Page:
David Archuleta on Guitar ~ Killing Us Softly
Posted by MT on Saturday, July 6, 2013
I recently ran across an interview with Mike Krompass, one of the co-writers of “A Little Too Not Over You,” from January 2009. He was asked if David played guitar.
He says he’s not very good on guitar. Have you seen him play?
… he actually called me from his video shoot and he was like, “Can you tell me the chords for A Little Too Not Over You?” and he was playing it over the phone for me. Yeah, he can play. He plays piano great and he plays guitar. He is very talented.
I thought I had read somewhere that he played, but wasn’t really sure until I recently read this interview. I have to tell you, I got pretty excited at the thought of David on stage playing a guitar and singing. Visions of a Spanish ballad in David’s beautiful voice with him accompanying himself on guitar were running through my head.
But then I watched the video of him singing “Waiting On The World To Change” with Jeff Leblanc and I began having second thoughts. Watch the video and take a good look at the way David moves when he sings (particularly from 2:50 on), his full body rhythm and his very expressive hand movements, and tell me that you don’t appreciate the fact that David sings with his whole being. You can almost see the music moving through him.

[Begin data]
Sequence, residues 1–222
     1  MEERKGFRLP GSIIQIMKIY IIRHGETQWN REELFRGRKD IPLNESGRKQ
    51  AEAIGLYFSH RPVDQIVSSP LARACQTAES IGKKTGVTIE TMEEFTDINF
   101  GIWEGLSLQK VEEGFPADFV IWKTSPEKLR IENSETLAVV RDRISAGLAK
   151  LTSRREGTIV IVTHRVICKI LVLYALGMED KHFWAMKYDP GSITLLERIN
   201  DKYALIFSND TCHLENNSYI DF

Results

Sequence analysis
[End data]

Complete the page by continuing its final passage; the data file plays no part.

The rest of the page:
I started thinking about it and suddenly wasn’t so sure I’d want him hidden behind a guitar, unable to move around the stage and unable to express himself with his hands as well as his voice.
So I’ve decided that I wouldn’t mind if he uses a guitar on one or two songs, the way he does with the piano, (very generous of me, right?) but I definitely hope he doesn’t begin using it for too many songs. I want to see him moving around, rockin’ that stage!
What do you guys think?
Would you like to see David on stage with a guitar in his hands?
Are you a fan of the acoustic style of singing/performing?
Would you prefer he do more songs either at the piano or with a guitar?
Or would you prefer that he remains free to move around, jump, dance and sing with those beautifully expressive hands of his, having fun on stage?
Watching that video also made me wonder what he would be like on stage without a mic to hold onto. If he used a head mic instead, how do you think he would move? Would he be more likely to dance? Would it change the way he performs? And most important…would we be able to handle it?
MT is a Staff Writer for The Voice